Dickinson’s findings also put a new spin on insect flight: the
phenomonen called rotational circulation. As the insect wing nears the
end of its stroke, it rotates backward, creating backspin that lifts
the insect just as it does when applied to a tennis ball or a baseball.
The research team, which reported its findings in the June 18 issue of Science,believes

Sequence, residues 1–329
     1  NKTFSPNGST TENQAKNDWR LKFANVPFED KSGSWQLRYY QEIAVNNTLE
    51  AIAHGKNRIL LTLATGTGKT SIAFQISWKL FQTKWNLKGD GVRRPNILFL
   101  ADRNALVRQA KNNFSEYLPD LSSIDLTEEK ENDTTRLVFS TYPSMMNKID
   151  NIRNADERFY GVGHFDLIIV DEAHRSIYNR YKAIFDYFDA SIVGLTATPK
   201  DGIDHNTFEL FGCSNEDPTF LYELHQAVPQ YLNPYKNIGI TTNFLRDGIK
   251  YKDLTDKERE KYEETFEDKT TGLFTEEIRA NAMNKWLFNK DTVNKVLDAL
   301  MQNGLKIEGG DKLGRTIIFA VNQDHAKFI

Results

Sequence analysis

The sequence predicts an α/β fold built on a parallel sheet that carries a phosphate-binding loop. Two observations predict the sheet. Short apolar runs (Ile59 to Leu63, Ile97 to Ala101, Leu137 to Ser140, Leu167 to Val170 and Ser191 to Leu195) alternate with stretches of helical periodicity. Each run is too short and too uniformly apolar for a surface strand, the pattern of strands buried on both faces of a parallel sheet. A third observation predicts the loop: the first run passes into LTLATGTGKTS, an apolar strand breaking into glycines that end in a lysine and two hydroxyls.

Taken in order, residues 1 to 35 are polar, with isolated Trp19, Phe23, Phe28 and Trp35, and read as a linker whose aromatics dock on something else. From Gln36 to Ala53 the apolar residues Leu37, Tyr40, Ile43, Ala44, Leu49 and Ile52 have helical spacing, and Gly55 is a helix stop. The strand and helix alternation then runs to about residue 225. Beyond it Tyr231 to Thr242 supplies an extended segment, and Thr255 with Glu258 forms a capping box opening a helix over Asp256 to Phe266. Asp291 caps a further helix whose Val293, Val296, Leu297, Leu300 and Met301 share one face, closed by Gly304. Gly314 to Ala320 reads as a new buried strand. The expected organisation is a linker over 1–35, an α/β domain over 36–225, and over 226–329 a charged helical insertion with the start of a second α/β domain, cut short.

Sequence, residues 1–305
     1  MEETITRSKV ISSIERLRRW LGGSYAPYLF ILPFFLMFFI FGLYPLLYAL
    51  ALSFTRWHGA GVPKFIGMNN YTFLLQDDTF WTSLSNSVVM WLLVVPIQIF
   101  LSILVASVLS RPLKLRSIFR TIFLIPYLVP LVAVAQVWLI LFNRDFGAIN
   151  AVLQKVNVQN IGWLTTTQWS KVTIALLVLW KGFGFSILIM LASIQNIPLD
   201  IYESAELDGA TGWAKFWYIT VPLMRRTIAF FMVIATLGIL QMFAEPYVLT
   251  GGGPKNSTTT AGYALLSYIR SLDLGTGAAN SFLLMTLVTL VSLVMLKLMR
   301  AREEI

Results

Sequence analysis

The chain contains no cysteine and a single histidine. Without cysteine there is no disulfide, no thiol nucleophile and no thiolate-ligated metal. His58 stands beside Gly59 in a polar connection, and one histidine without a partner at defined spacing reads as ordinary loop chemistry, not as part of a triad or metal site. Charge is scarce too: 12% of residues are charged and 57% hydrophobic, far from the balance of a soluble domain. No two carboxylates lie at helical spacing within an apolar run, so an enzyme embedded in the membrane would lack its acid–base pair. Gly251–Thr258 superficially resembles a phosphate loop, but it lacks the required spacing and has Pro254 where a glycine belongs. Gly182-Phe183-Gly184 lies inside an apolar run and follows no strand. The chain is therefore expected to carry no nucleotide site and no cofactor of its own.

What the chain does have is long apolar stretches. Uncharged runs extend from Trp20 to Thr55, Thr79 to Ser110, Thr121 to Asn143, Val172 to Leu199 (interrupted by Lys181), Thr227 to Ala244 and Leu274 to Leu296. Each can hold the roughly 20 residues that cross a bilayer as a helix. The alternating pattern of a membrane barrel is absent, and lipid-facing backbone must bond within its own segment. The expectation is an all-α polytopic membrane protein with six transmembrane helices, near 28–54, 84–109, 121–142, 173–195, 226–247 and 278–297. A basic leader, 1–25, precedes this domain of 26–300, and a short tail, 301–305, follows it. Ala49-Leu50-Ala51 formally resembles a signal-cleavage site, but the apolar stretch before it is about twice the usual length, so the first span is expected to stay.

their work provides “a unified theory of insect flight aerodynamics,”
Dickinson says. The next step? Use the technology in their primitive
robofly and the principles they have discovered to create tiny flying
machines with beating wings. Already, Dickinson is part of a group of
engineers and scientists at Berkeley designing such robotic insects.